Biomedical Engineering Reference
In-Depth Information
a normalized error less than or equal to 1% throughout the
entire grid is N = 176. The computational grid extends out to
a 2 /λ in the axial direction (which is equal to the far-field transi-
tion distance defined in Equation 6.6 with d = 2 a ), and the lateral
grid boundary is located at x = ±1.5 a . Numerical calculations
of the Rayleigh-Sommerfeld integral for this square piston are
evaluated on the same desktop computer described previously
for near-field pressure simulations with a circular piston. The
computation time for a 121-point by 101-point grid with N = 176
is 168.74 seconds (just under 3 minutes).
2
1
0
6.2.1.3 Spherical Shell
The spherically focused piston or spherical shell, which enhances
the peak intensity generated by a single ultrasound transducer
through geometrical focusing, is an ideal transducer shape
for thermal therapy. An example of a spherical shell with radius
a and radius of curvature R = 2 is shown in Figure 6.5. The
mathematical description of this curved transducer geometry is
obtained when a plane slices through a sphere with radius R . he
intersection of the sphere and the plane describes a circle with
radius a , and the smaller of the two pieces is the spherical cap
or spherical shell. For a spherically focused source with uniform
normal particle velocity U 0 , aperture radius a , and radius of cur-
vature R , the Rayleigh-Sommerfeld integral for a time-harmonic
excitation is given by
−1
−2
−2
−1
0
1
2
x (units of piston half-width a )
FIGURE 6.3 Square 2 a by 2 a piston centered in the z = 0 plane at
( x ,y,z ) = (0,0,0). The normal at the center of the square piston is coinci-
dent with the z axis.
given in Bracewell (2000) have convenient Fourier and Hankel
transforms, respectively, for signal processing applications, but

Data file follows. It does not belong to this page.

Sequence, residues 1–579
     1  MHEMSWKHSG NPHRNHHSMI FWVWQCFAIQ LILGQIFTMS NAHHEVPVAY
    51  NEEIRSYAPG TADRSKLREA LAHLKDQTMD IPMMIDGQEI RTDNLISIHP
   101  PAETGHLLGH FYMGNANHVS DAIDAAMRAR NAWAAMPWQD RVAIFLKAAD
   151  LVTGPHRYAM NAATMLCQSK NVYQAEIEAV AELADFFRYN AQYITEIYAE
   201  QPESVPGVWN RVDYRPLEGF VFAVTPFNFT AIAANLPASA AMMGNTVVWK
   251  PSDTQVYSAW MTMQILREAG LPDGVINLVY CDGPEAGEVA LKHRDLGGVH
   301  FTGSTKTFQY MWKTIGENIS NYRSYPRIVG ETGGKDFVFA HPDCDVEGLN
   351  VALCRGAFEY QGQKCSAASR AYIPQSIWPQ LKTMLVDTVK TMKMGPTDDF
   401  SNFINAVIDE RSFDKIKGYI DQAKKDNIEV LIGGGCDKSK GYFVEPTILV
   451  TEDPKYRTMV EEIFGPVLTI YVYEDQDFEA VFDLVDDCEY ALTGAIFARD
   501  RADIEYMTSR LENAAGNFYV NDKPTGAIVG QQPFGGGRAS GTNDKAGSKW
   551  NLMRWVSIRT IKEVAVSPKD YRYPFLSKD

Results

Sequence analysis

the sinc and jinc expressions used in Equations 6.9 and 6.5 are
more commonly accepted for the analysis of diffracted pressure
fields generated by finite apertures.
An example of the near-field pressure computed with the
Rayleigh-Sommerfeld integral for the 2 a by 2 a square piston
illustrated in Figure 6.3 is shown in Figure 6.4 for a = λ. This
pressure calculation evaluates Equation 6.8 on a 121-point by
101-point grid. The smallest value of NN
−−′
jk
|
rr
|
j
ωρ
π
2
π
π
e
jt
ω
2
px yzt
(, ,,)
=
0
Ue
R
si
n
φφθ
dd
,
0
2
|
rr
|
1
0
π
sin(/)
aR
(6.10)
==
N
that achieves
x
y
2
1
1
0.8
0
0.6
0.4
−1
0.2
0
−2
1.5
0.75
−2
0.75
−1
2
0.5
0
1
0
0.25
0
−0.75
1
−1
0
−1.5
2
−2
x (units of piston half-width a )
z (units of a 2 /λ)
y (units of aperture radius a )
x (units of aperture radius a )
FIGURE 6.4 Near-field pressure computed with the Rayleigh-
Sommerfeld integral for a square 2 a by 2 a piston with a = λ. he
Rayleigh-Sommerfeld integral achieves a maximum error of 1% in
168.74 seconds when evaluated with N x = N y = 176 on this 121-point
by 101-point grid.
FIGURE 6.5 Spherical shell with aperture radius a and radius of cur-
vature R = 2 . The spherical shell intersects the z axis at z = − R , the
geometric center is located at ( x ,y,z ) = (0,0,0), and the normal evaluated
at the center of the spherical shell is coincident with the z axis.